Tuned In

Wire Watch: "It's On. Oh, Hell Yeah."

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Tristan Wilds as Michael. / HBO: Paul Schiraldi

SPOILER ALERT: Before you read this post, go see Big Walter. Not big nose Big Walter, skinny Big Walter. Oh, and watch last night’s episode of The Wire.

Like a lot of critics, I’ve already seen the finale of The Wire, so I want to be careful what I say about anything that could seem to hint at what’s to come. Everything I say here, therefore, is just based on what I saw in episode nine, and what I thought at the time.

That said, isn’t it nice to see a few things go right for once?

Nice, for instance, to see Lester’s surreptitious wiretap and code-breaking actually net a giant bust. Nice to see Marlo in cuffs and cooling his heels in lockup. (Good scene, by the way, with him exploding at Chris for having kept Omar’s taunting secret. There was a parallel there with Carcetti at the drug-bust press conference: now that it was convenient, Carcetti claimed the city never gave up on the bodies in the vacants–which it did–just as Marlo now gets to claim he’d gladly step to Omar or Barksdale, now that neither man is an issue.)

Nice to see Namond shining on the debate stage, one good story, at least, coming out of the kids from season 4. Nice to see Lester shaking down Clay Davis–who alludes to season 3, bragging about how he “bled” Stringer Bell when he was trying to turn businessman–to get a line on Levy and his liason work for his drug clients. Nice to see that Templeton’s pattern of exaggerating and lying has left a trail that others are picking up on. Nice to see Bubs making progress.

Nice to think that everything could end nice, right?

Of course, this is The Wire, so it’s not so simple. There was Kima, getting ready to go to Daniels with McNulty’s scam. (Not that I blame her; she’s always been the quiet conscience of the show, hard to read but principled.) Herc, managing to put together in his skul that Lester must have been running a wiretap on Marlo. And Michael.

Michael’s was a feel-good story in a way–I dreaded his entire ride with Snoop until they pulled into the alley. And yet it was hard to feel good about his escape for long. For one thing, I was surprised how much empathy I felt for Snoop at the end, even though she was cold-hearted to the last (“Go in to Wal-Mart or some sh_t, see if they take you when you laid up for a while”). But I was reminded how real Felicia Pearson made Snoop, even at her most monstrous, and the faraway look she got at the end got to me. (“How my hair look, Mike?”) After everything she’d done, there was a person in there, somewhere.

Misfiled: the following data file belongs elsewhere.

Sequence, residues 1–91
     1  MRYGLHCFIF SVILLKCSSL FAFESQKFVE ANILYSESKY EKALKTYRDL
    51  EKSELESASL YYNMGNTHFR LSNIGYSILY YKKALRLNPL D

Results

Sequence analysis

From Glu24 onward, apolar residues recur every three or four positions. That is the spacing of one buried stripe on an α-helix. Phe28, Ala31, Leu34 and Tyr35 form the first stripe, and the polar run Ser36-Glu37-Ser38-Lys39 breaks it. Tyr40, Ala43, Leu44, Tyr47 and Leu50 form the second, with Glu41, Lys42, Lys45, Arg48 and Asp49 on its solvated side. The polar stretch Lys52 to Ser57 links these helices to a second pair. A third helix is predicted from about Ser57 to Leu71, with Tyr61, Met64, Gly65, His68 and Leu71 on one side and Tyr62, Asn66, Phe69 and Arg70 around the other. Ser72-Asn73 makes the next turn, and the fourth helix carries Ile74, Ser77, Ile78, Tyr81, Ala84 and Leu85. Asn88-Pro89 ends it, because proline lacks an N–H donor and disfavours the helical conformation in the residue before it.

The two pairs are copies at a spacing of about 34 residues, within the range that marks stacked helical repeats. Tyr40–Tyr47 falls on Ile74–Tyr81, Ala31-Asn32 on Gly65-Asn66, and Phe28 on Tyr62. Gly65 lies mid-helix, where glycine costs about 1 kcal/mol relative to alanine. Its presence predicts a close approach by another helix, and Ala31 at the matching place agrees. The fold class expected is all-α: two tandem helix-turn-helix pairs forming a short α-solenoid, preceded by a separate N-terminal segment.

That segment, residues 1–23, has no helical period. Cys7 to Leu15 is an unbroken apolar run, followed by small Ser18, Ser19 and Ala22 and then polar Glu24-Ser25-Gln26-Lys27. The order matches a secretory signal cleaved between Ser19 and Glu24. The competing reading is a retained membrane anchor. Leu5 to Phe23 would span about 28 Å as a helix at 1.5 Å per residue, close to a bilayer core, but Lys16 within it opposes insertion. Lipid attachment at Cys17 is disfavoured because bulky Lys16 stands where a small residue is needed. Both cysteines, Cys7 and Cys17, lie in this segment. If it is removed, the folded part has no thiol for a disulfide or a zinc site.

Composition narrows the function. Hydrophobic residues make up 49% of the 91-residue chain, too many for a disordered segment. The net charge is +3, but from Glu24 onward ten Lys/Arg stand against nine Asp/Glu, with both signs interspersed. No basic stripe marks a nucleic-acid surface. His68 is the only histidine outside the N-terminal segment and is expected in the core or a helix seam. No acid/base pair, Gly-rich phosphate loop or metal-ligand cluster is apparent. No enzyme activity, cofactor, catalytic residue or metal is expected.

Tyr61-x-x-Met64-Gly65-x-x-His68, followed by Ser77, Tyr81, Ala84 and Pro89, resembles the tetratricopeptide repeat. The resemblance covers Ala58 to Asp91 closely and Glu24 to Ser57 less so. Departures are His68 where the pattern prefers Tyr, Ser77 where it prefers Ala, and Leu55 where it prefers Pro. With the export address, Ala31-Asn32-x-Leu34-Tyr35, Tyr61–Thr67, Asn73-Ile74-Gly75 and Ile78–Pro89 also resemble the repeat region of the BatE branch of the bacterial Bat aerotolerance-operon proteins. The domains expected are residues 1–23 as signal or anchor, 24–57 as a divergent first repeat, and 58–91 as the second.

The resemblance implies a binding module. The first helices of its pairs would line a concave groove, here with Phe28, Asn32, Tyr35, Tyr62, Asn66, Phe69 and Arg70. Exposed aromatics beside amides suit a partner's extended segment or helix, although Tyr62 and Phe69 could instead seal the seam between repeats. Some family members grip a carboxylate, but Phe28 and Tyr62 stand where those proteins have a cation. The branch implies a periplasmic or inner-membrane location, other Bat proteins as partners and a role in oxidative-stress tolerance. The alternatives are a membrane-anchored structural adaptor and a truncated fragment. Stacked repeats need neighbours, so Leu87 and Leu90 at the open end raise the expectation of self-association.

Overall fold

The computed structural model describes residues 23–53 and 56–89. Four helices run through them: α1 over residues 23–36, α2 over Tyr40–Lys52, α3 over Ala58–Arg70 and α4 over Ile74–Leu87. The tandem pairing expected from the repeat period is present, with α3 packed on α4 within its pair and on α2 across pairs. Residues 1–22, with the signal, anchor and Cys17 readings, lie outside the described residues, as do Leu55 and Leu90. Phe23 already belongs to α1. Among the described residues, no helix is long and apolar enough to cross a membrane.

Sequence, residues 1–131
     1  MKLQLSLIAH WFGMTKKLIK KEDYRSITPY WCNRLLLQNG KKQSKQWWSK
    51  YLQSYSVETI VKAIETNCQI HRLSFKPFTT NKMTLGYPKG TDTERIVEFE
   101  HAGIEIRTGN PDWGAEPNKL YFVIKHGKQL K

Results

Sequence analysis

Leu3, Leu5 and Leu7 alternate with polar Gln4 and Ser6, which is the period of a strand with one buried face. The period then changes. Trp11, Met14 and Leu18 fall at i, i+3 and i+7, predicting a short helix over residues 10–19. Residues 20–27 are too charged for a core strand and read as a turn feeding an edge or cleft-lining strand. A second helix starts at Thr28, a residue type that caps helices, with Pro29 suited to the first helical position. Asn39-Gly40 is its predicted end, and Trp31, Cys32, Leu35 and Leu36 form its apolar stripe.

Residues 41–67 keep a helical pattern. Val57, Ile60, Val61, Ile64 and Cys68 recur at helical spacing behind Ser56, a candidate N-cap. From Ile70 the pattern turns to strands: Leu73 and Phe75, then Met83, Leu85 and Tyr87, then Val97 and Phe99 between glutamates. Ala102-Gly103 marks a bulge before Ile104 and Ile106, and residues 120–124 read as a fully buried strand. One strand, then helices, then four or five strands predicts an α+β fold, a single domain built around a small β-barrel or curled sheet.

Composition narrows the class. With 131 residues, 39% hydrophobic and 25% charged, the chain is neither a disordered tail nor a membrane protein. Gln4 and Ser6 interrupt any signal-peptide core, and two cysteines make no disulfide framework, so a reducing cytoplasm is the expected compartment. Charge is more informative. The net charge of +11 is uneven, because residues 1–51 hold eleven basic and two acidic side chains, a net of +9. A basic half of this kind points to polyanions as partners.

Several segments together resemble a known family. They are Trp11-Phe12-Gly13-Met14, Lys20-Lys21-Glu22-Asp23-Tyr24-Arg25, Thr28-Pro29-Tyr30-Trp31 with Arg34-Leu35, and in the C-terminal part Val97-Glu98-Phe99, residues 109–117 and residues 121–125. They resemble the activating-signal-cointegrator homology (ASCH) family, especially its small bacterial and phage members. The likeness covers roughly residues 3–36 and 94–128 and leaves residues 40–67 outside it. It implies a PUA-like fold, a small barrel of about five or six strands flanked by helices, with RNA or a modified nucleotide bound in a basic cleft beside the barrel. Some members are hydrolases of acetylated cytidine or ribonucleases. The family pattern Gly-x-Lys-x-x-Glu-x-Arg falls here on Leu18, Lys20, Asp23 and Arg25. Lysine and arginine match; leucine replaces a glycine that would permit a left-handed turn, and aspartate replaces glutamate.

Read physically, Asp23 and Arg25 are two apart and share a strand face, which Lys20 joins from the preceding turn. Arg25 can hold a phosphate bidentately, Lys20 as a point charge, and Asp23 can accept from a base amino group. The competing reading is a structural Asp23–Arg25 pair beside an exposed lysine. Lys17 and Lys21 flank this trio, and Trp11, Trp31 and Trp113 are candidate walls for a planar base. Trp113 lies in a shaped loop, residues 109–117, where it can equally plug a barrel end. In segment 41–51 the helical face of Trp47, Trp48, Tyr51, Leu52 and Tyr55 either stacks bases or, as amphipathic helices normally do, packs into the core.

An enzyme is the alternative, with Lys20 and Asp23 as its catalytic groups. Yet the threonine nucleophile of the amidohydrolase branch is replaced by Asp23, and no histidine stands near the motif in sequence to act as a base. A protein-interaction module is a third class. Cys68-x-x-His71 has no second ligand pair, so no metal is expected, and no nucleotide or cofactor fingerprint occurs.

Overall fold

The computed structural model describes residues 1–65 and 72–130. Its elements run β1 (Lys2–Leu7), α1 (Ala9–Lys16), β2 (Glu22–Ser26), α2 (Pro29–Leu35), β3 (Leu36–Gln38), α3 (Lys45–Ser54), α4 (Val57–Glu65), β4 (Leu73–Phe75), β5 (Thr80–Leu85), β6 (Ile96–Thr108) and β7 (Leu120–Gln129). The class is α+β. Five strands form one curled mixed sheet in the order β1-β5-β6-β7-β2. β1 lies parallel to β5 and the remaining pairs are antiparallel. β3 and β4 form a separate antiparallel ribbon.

The last ten minutes or so of this episode were among the most poignant and great The Wire has ever done, and theey finally belonged to Tristan Wilds. First we saw him get the drop on Snoop, then we saw how terribly, unfairly he has sacrificed to become the kind of ever-alert soldier who could do that. He saves his life, but in many ways he’s already lost it. He’s lost his family: there have been sad scenes on The Wire before, but–maybe this is my bias from having young sons–I’m not sure anything has given me a knot in my throat like seeing Bug go silently, tearfully to that alien suburb, saying goodbye to his big brother for what he must suspect is likely the last time.

And he’s lost his childhood, which he confronts when he drops Dukie off to live on the streets with the junkie junkman. It’s a heartbreaking turn for Dukie too, who had so much potential if he only had a chance and is now out of options, but at least he’s still able to find some kind of spark in himself, for a few minutes more, enough to try to bring Michael out of himself by reminiscing about the piss-ballon fight in the Terraces. “You remember, Mike?” Michael’s answer is quiet but final. “I don’t.”

Doesn’t, or can’t? Does it matter?

Isn’t it nice to think that things were nice once? Wouldn’t it be nice to think they could be again?